• Russ Abbot recorded a version in 1984 called "Ghost Joggers in the Sky" and is featured on the Russ Abbot's Madhouse album.
  • Gary Larson has touched on the theme in his popular cartoon The Far Side. The cartoon features a woman calling out "Henry! Hurry or you're gonna miss it - ghost riders in the kitchen!" as a pair of phantom riders herd cattle through her home. Larson doesn't think much of the cartoon now, dismissing it as what happens "when you stay up too late at night trying to think of something funny."[7]
  • The song is used by supporters of the Aston Villa F.C.. The lyrics are changed to "Holtenders in the Sky" in reference to the fans who sit in Villa Park's famous stand, The Holte End.
  • The Corries performed a version written by Bill Hill which they claimed in their introduction to be the original of the song, titled "The Portree Kid" with the chorus referring to "The teuchter that cam' frae Skye".[8]
  • Singer/comedian Sean Morey has recorded a parody called "Ghost Chickens in the Sky", in which the ghosts of chickens hunt a chicken farmer. It ends with the line, "they cooked him extra crispy/and served him with coleslaw". Moosebutter, an a cappella group out of Utah, has a recording of this song. Moosebutter has also recorded "Home Teachers In The Night", another parody of the song.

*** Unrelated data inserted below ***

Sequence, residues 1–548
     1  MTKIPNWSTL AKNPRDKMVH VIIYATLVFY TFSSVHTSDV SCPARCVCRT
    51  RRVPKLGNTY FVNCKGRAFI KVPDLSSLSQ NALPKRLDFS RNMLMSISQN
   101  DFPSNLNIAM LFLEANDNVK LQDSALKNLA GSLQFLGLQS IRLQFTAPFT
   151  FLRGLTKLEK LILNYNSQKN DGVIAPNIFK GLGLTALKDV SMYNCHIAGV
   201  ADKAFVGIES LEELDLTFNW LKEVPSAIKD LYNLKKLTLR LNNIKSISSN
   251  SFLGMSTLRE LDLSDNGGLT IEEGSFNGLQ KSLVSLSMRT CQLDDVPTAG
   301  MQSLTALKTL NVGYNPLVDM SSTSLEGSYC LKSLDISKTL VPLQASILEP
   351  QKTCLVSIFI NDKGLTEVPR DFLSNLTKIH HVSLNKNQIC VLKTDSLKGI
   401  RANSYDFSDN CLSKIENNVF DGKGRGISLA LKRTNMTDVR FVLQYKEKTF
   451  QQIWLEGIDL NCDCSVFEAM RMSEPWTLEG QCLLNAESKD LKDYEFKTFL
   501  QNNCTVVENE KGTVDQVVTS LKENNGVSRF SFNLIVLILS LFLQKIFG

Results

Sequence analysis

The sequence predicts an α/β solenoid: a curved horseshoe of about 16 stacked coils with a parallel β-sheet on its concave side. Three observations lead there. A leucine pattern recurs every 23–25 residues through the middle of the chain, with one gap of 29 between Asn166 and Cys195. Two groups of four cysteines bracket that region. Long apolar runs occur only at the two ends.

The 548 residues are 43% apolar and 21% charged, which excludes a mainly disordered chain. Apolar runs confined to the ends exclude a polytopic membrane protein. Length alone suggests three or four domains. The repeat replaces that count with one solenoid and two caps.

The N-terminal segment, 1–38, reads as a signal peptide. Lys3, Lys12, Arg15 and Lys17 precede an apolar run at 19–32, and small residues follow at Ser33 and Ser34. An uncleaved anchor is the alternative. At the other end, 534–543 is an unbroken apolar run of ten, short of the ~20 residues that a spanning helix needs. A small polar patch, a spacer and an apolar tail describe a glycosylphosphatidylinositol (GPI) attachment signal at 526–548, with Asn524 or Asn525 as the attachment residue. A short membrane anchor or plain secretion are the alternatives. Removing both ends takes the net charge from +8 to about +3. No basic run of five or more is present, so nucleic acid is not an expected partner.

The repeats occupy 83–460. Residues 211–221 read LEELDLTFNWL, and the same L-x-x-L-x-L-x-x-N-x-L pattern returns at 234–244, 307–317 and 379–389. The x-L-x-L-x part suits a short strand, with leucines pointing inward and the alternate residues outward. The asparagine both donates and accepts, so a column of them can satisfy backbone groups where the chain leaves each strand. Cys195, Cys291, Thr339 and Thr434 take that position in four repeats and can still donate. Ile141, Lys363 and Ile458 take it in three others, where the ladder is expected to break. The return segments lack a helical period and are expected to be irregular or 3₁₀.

• Similarly, filker Pete Grubbs wrote a parody called "Ghost Dachshunds In The Sky."
  • Mickey Katz recorded a parody called "Borscht Riders in the Sky".
  • Tom Paxton wrote and recorded "Yuppies in the Sky".
  • Celtic punk band The Prodigals recorded a version of the Irish traditional song "Spancil Hill", featuring the lyrics of that song set to the music (and including the "yippey yi-yay" chorus) from "Ghost Riders in the Sky" on their self-titled debut album.
  • Spike Jones, during a live show, sung the song along with one of his bandmates. Although they sang it word for word, they did so while portraying elderly, incompetent cowboys.
  • Keeter Stuart -Ghost Riders, Searchers & Cowpokes Stan's nephew Keeter Stuart released his latest album Ghost Riders, Searchers & Cowpokes as a tribute to his uncle Stan.
  • Martin Pearson wrote a parody titled "The Nazgul Song" for his Lord of the Rings comedy show The Unfinished Spelling Errors of Bolkien.
Preceded by
"Twelfth Street Rag"
by Pee Wee Hunt
Billboard Number one single of the year
"Riders in the Sky"
(Vaughn Monroe version)

1949
Succeeded by
"Goodnight, Irene"
by Gordon Jenkins and the Weavers

References

  1. ^ http://www.westernmusic.org/HallOfFamefiles/StanJones.html Stan Jones
  2. ^ ascap.com/ace ASCAP search
  3. ^ "Stan Jones - WMA Hall of Fame". Archived from the original on 2009-09-22. http://www.webcitation.org/5jzSih9jw. Retrieved 2009-09-20.  
  4. ^ a b c Whitburn, Joel (1973). Top Pop Records 1940-1955. Record Research.  
  5. ^ Duane Eddy: Duane's Best
  6. ^ [1]
  7. ^ Gary Larson. The Prehistory of The Far Side. Kansas City: Universal Press Syndicate, 1990, p. 79.
  8. ^ lyrics available at Arizona Irish Music Society and from http://www.incallander.co.uk/scottishsongs.htm

External links